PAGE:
It has become one of my favorite lines of all time, and it was delivered in the epic movie, "Legally Blonde." When Elle’s unrequited love remarks, "You got into Harvard Law?" she responds matter-of-factly. "What? Like, it’s hard?"
That’s the way I tend to look at most things these days. The fact is, when you take a step back, most of the things we do really aren’t that hard. Or at least they shouldn’t be. It’s just that we make them seem that way. We obsess, we fret, we get overwhelmed, and then we find ourselves frozen wide-eyed in the headlights of oncoming traffic.
As real estate agents, we are called on to wear many hats. We’ve got the pointy hat we wear during study hall, where we must learn our local inventory, market statistics and trends. We wear the top hat for showing property or interviewing for the listing, and the beanie for knowing the contracts. Then we grab for the green beret when it’s time to negotiate.
What about the business side of the business — strategic planning and marketing? That usually calls for a fez. The problem is that no one with a shred of dignity wears a fez anymore. It’s a stupid look; it’s antiquated. No one wears a fez, that is, except real estate agents.
My local newspaper still comes to my driveway each morning. It’s my husband’s fez. And I have a confession. I occasionally peek at it, not because I expect to find any real "news" — I’ve already read it all on my Google news stream and on Twitter. My curiosity is really more about "why." Why is it still in my driveway? And on Sundays, why is there still a full-page advertising supplement in the now "whopping" two-page real estate section?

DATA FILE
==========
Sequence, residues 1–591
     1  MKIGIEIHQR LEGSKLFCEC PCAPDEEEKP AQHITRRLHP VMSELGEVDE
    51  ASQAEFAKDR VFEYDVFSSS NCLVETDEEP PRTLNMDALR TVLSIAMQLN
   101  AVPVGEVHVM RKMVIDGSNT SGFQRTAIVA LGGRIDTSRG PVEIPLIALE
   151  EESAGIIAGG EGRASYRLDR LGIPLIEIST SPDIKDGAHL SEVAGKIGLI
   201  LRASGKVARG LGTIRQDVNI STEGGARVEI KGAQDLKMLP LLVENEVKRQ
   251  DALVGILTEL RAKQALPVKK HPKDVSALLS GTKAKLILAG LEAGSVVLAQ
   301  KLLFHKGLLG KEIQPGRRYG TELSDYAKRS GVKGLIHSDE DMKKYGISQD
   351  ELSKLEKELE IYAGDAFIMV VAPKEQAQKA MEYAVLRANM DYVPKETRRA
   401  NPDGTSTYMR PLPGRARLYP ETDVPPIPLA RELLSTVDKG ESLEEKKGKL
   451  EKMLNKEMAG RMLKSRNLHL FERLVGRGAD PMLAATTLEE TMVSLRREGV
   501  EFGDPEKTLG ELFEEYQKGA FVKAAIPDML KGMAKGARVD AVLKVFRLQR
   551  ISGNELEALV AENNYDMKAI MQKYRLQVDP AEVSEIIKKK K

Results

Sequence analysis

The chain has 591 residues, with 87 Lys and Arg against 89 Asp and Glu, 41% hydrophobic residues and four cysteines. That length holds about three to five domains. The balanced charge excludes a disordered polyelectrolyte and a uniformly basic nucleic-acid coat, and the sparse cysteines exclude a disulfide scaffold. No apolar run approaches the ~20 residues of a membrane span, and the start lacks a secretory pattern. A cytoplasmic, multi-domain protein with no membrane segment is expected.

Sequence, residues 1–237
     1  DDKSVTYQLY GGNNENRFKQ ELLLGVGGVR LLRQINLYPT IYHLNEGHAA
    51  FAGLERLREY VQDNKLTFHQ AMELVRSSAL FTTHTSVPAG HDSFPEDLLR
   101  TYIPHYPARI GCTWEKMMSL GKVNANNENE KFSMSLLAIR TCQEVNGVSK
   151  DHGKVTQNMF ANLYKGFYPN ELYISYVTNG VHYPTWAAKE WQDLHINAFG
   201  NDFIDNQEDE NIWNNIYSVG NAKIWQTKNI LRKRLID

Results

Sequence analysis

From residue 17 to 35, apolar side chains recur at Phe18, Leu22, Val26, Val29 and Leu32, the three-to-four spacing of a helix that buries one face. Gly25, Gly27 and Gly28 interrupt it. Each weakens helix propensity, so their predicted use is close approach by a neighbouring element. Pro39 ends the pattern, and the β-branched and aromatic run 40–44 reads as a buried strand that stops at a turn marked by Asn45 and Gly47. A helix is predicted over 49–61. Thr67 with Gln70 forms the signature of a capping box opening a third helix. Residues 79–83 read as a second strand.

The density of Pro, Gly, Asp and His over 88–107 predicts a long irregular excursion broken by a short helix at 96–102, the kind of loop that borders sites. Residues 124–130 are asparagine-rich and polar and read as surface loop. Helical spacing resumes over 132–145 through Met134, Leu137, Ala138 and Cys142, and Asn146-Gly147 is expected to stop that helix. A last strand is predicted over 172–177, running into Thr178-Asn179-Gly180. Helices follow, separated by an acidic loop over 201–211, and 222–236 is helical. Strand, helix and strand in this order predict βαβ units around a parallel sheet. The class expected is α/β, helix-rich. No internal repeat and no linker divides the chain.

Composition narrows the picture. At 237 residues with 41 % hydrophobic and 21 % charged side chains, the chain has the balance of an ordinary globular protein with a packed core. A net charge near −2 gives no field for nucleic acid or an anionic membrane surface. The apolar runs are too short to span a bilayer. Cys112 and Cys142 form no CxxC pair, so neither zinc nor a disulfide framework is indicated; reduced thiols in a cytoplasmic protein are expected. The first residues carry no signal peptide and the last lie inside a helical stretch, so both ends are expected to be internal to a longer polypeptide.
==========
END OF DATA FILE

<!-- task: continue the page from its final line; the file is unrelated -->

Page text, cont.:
This week’s supplement was teeming with important announcements, which I must assume were intended as a customer call-to-arms. One agent just celebrated her 10th year with her team, while another was No. 1 in her office. There was a Legend Award "winner," a Diamond Award recipient and an agent with a new "green" designation.
(Is it just me, or does promoting a new eco-friendly awakening on paper seem slightly inconsistent?) Finally, there was the agent who supported a charity — her press release reminded us that not only is she giving, but that her "career has been punctuated with numerous awards."
What do all of these messages have in common? No one cares. And how do I know this? Because, like, it’s hard?
If you take off that fez for a minute and put on the thinking cap, it’s not hard to know what your marketing should be — or more importantly, what it should not be. All you have to do is think like the customer you are.
We have come so far down this road — a road littered with our likenesses on bus benches, billboards and shopping carts — that we have become caricatures of ourselves in our advertising. …CONTINUED
I like my investment adviser. Not unlike me, he is in a service industry and in business for himself. He even, like me, has business cards. But — get this — his picture isn’t on them. Neither is his dog’s. He doesn’t even have a snappy tag line like "Take stock of Dan!" What a loser.
At Casa Berg, which has become known of late as the Bastion of Failing Appliances, we have a plumber of choice. We have to. And he is quite good. He also has a business card, but it doesn’t say, "Call Luke for all of your pipe dreams!"